When I was still in the US, I just voted the straight party ticket. I don’t recall voting for things like judges, but unless there was a controversy, I would probably skip it.

In Canada, most ballots are for just one office. The only exception is when you vote for mayor and town councillor on the same ballot, but then I am likely to have an opinion of both of them. I skip the school board elections since my last kid graduated 24 years ago and I haven’t followed it since.

I skip minor local offices like Clerk of the Court, where there’s just no conceivable reason to care most of the time.

Unless you’re planning on having a same-sex marriage performed in the court office, of course. May want to have some confidence that the Clerk will issue the licence. :wink:

My state has the initiative referendum process, so often we have Ballot Measures on the ballot. I actually get to review these before they make it into the voters pamphlet so I am quite familiar with them before they show up on the ballot. I typically vote a straight party line for president, senators, representatives, etc. Judges here are non-partisan. I know most of them either personally or by reputation and vote accordingly.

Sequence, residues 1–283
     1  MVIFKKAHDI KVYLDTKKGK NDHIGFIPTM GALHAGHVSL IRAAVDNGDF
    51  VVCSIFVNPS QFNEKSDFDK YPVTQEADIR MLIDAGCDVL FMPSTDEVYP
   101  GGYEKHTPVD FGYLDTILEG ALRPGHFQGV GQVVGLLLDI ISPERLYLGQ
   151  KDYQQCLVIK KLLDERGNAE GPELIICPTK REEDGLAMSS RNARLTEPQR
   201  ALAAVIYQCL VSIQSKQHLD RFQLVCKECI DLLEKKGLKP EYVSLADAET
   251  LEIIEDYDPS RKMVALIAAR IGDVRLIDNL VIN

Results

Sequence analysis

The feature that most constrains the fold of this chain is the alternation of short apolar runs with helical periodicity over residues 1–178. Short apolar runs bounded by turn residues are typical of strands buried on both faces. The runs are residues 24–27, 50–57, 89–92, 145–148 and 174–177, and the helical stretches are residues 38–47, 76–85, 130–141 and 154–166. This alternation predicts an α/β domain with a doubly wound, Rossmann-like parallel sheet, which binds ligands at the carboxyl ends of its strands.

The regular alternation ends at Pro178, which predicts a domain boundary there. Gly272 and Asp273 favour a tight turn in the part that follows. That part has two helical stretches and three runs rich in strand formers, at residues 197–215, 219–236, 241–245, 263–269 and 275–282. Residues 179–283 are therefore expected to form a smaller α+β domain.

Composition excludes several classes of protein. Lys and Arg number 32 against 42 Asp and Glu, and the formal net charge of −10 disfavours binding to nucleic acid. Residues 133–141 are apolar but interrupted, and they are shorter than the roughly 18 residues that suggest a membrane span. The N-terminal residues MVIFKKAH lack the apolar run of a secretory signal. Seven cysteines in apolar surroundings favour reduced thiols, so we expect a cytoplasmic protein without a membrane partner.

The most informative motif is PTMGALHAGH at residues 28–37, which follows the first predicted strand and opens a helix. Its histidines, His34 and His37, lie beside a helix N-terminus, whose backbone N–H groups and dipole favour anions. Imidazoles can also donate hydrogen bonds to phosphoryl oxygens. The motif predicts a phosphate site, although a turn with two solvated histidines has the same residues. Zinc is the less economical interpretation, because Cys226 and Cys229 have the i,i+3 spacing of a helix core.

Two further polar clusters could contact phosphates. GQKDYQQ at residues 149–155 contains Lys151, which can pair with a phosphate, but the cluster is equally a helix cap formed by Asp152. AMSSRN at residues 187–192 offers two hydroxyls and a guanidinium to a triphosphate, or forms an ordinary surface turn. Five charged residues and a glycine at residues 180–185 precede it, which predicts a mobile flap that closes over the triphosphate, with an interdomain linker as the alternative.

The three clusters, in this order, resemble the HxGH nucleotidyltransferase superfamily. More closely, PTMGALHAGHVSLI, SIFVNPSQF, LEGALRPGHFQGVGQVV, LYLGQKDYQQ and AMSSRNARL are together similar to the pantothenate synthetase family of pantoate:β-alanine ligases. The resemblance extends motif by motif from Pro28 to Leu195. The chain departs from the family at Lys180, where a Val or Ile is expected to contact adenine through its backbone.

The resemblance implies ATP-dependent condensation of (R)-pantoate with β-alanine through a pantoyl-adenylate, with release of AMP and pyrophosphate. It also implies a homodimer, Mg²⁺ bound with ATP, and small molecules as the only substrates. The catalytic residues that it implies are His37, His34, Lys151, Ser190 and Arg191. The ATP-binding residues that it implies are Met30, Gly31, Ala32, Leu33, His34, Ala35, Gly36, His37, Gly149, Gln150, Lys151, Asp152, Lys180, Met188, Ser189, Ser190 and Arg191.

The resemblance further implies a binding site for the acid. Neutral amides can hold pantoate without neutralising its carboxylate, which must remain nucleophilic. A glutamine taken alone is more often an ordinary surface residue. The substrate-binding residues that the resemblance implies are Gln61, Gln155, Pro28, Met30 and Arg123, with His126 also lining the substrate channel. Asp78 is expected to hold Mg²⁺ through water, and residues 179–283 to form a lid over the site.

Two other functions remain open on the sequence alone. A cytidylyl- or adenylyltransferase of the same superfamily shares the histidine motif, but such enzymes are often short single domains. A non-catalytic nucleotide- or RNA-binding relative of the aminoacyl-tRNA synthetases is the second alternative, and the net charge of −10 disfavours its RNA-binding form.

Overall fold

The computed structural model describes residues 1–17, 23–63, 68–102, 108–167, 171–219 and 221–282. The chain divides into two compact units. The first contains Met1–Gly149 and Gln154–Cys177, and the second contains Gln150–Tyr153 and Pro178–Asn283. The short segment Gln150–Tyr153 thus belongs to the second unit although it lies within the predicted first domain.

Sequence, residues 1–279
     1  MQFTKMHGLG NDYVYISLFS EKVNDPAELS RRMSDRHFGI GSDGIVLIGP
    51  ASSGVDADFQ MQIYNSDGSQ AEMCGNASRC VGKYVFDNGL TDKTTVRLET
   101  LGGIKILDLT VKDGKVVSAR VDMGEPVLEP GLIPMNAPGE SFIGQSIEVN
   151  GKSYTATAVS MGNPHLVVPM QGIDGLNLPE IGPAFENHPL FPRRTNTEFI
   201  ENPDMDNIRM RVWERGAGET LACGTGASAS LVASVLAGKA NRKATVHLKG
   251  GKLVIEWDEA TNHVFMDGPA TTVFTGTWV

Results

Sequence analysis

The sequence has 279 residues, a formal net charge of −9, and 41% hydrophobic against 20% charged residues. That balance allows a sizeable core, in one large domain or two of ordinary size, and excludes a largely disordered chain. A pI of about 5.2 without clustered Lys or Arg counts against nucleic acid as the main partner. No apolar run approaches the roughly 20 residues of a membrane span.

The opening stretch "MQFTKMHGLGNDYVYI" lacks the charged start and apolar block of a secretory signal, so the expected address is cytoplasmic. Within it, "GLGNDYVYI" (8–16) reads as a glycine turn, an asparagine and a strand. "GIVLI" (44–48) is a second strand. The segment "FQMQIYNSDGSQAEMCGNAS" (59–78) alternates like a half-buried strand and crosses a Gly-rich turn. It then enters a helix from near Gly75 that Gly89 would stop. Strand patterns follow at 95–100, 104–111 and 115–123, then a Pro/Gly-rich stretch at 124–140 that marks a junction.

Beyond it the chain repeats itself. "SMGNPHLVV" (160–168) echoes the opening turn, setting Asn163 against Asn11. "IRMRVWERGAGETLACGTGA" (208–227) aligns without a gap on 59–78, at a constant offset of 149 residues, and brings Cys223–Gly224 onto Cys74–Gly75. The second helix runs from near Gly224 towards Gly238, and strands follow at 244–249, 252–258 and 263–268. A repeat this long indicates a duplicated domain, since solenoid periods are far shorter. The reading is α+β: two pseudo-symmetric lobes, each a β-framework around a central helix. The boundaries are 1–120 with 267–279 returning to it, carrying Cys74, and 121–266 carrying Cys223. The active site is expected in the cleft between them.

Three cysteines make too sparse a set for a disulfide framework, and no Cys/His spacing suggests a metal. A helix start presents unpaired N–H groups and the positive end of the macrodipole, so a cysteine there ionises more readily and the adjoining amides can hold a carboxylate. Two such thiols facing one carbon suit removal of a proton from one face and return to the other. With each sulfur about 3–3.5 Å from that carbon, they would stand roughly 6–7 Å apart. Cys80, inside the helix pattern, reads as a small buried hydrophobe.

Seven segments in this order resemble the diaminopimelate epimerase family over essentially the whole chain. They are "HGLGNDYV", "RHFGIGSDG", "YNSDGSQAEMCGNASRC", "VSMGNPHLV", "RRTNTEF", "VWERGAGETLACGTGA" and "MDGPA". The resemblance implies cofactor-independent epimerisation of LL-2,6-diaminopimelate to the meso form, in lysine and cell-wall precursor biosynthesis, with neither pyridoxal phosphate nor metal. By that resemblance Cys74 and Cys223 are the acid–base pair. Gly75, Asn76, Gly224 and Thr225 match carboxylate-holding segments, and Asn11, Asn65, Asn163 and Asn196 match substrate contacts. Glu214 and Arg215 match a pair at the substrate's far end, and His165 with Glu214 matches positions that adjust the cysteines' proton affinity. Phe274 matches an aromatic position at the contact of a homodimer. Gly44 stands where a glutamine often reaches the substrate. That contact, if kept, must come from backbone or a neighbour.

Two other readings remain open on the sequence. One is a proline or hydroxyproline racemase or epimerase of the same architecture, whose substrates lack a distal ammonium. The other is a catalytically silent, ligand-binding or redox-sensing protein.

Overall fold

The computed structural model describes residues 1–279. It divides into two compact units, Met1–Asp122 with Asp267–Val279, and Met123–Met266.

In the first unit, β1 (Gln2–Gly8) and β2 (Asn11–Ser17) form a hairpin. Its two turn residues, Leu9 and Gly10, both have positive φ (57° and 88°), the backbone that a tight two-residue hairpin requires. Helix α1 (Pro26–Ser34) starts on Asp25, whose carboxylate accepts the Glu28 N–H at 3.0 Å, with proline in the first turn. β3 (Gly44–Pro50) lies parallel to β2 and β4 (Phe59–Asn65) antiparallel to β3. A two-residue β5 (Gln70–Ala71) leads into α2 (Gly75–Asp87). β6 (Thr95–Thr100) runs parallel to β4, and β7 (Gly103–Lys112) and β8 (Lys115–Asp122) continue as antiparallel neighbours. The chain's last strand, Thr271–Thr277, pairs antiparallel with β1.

I often don’t have a clue about those elections, but it usually doesn’t matter since the candidate is either running unopposed, or the candidates’ parties are clearly marked and I do have a party preference. If there are two or more candidates and I have literally NO information that would allow me to make an informed decision, I usually just skip it.

I’ve found that there usually are nowadays.